They encouraged company leaders to invest in their people and to give them a voice. They also encouraged employees to not be afraid to use their own voices. “The goal is not to become an empty, meaningless hashtag,” said Myrna. “People who see themselves as allies often mute themselves because they don’t want to say the wrong thing. My word of advice is to jump into it. You have to engage in order to affect change,” said Brandon.
Reimagining Commercial Space: A Forced Evolution
As industries across the globe face the many challenges imposed by COVID-19, thought leaders have been forced to adapt to these unprecedented times by developing innovative solutions. The real estate industry, of course, is no exception. “The impact on commercial real estate has been extreme,” said Mark Fawer, Partner at Greenspoon Marder. New York’s real estate market in particular took a considerable toll, with the city’s exorbitant rent prices and large number of retail stores. As such, real estate professionals had to repurpose properties. Luckily, this was not an unfamiliar concept.
“Before COVID we started to see the repurposing of spaces that we hadn’t seen before,” said Mark. “Trends are in place, and COVID is effectively an accelerator to those trends,” said Glenn Brill, Managing Director, Corporate Finance at FTI Consulting. Indeed, real estate agents had already been utilizing this tactic prior to the start of COVID. The pandemic simply sped up the process – and quickly.
“I do think that a lot of what happened was pre-COVID. Some of this is a natural needed correction,” said Robin Abrams, Vice Chairman & Licensed Associate RE Broker of Compass & Abrams Retail Strategies. However, Robin does not see COVID as only a challenge, but also as an opportunity. “There’s no doubt that it’s challenging for many retailers but it creates opportunities for other users,” she asserted. “As investors, it is our view there’s always opportunity in destruction,” agreed Jason Davis, Managing Director at Turnbridge Equities.
The panelists explained that they are not worried about the current state of New York. In fact, they are confident that it will come back bigger and better than ever. They expect to see more businesses run from home, and to see more retailers take omni-channel sales approaches. Additionally, they expect to see more people return to the city and for it to revive the liveliness that it has always been known for. “One thing we’ve learned in history is to never bet against New York,” said Robin.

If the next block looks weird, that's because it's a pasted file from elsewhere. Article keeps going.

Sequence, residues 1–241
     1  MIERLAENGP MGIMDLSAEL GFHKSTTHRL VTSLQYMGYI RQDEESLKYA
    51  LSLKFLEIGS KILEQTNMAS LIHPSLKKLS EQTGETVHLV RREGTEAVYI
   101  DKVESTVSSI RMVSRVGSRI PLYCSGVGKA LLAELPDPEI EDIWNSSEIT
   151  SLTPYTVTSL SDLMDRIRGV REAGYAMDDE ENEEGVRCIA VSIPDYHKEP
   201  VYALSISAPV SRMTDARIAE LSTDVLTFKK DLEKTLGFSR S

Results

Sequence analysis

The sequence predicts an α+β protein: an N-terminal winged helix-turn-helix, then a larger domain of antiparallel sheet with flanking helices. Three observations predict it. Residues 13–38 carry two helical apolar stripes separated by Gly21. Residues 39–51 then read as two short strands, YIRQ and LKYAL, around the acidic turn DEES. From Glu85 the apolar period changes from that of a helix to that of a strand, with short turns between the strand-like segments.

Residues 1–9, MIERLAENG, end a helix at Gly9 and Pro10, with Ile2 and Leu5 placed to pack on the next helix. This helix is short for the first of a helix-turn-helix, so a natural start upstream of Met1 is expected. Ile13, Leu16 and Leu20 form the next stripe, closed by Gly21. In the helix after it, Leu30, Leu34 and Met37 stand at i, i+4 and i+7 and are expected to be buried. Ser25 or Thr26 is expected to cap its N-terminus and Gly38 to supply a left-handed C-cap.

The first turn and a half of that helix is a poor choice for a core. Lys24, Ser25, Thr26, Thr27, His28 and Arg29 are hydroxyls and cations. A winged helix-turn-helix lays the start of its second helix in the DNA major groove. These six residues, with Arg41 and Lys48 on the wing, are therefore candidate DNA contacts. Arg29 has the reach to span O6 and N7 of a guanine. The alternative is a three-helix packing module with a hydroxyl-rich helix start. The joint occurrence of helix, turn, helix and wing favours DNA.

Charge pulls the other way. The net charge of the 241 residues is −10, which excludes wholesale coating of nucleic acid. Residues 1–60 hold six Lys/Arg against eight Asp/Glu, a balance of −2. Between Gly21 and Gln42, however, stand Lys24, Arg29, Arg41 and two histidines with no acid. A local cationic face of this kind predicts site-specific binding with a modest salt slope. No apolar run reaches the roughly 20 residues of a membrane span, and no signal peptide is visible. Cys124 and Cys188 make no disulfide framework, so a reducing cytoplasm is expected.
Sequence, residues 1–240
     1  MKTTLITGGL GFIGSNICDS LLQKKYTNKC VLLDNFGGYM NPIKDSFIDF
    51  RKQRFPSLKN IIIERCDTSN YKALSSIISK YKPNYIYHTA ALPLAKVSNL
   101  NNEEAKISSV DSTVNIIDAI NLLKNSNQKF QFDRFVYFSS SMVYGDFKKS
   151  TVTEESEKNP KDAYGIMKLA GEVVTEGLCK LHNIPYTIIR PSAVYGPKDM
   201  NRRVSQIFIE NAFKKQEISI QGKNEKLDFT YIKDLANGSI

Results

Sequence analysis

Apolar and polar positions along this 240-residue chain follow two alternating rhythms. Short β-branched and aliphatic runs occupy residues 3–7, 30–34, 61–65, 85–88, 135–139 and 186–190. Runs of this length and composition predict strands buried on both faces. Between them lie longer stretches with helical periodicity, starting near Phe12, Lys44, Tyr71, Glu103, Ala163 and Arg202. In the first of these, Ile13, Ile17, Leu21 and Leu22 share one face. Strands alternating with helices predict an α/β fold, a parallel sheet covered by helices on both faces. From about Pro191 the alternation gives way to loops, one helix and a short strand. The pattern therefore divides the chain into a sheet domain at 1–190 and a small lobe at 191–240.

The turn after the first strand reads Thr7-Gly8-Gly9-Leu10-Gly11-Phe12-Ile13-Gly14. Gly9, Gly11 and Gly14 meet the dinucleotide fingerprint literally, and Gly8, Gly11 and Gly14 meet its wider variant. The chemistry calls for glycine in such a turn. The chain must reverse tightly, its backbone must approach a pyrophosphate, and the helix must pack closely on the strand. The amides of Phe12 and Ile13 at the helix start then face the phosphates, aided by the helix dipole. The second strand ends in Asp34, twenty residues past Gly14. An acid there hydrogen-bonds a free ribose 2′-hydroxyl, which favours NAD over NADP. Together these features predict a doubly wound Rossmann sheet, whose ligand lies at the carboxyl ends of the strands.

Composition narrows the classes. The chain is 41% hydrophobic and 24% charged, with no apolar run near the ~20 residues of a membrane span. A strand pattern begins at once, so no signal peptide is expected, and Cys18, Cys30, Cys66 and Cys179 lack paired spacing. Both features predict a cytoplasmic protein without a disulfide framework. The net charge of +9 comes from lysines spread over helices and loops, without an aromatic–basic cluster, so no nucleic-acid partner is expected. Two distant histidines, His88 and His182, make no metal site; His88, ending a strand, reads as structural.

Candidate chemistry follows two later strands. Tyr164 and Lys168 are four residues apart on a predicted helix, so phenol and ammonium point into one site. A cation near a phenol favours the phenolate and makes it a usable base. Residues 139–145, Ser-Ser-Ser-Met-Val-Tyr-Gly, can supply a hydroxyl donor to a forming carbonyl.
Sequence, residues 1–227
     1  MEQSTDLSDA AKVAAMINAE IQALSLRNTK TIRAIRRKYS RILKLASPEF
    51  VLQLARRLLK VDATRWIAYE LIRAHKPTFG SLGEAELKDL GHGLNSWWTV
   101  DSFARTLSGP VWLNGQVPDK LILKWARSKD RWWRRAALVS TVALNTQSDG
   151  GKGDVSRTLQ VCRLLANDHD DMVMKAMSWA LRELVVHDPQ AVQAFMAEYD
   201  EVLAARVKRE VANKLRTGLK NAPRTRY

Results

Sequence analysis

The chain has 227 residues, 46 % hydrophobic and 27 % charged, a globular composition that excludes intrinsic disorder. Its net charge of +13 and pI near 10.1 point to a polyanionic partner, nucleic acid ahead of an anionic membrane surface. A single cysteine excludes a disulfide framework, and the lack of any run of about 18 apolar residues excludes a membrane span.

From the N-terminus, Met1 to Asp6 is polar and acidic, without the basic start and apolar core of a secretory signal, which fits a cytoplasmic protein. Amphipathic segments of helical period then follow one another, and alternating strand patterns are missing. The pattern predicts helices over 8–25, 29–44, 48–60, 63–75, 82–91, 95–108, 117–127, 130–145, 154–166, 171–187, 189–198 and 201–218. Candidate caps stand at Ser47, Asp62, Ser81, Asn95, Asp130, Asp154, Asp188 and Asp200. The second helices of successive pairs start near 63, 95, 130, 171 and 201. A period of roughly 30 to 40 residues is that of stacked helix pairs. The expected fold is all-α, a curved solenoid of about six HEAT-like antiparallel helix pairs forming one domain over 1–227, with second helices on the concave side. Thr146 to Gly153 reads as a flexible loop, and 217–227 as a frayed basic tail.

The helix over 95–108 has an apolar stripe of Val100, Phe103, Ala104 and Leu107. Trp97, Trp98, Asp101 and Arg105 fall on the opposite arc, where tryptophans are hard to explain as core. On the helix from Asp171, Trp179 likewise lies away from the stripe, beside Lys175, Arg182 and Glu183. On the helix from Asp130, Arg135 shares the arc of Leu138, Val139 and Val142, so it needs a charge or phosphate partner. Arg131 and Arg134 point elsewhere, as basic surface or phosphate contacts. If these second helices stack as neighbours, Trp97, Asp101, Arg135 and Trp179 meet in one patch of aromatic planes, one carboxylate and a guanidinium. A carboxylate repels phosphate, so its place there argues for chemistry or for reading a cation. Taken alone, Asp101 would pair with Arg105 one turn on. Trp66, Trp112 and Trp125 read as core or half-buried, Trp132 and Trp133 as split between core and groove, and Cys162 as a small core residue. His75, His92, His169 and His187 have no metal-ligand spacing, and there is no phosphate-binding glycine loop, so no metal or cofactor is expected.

Hospitality Service Providers in the Time of COVID-19. How Does the Phoenix Rise From the Ashes?
With the hospitality industry taking the brunt of COVID-19’s impact, our panel of industry leaders joined to discuss the challenges hotels, bars, clubs and restaurants have faced and the difficult decisions owners and operators have been obligated to make in order to keep their establishments in business. Chair of Greenspoon Marder’s Hospitality, Alcohol & Leisure Industry Group, Louis J. Terminello, expressed his concern for the industry, providing staggering statistics on the pandemic’s $250 billion impact on restaurant sales, adding, “Restaurant owners have been forced to lay off 2/3 of their staff.” Richard Millard, Chairman & CEO of Trust Hospitality, discussed the impact the pandemic has had on his hotels globally with hotels across the pond being impacted in the exact same way, stating, “This is a worldwide problem. It is what it is, we’ve learned some lessons, and now what we have to do is look forward.”
Many bar and club owners who have been forced to stay closed over the last several months, have found it best to remain closed due to the operating costs of opening back up again. Joe Delaney, Managing Partner of Martini Bar, has decided that until we are sure the pandemic has concluded his business will remain closed, adding, “Rushing to open doesn’t help me if it destroys my brand.” Due to the severe impact on revenue, business owners have struggled to pay the bills with Hector Hurtado, Director of Administration, Vida & Estilo Restaurant Group, commenting, “It’s not just rent, it’s all of the other debt and expenses that come with running a business.”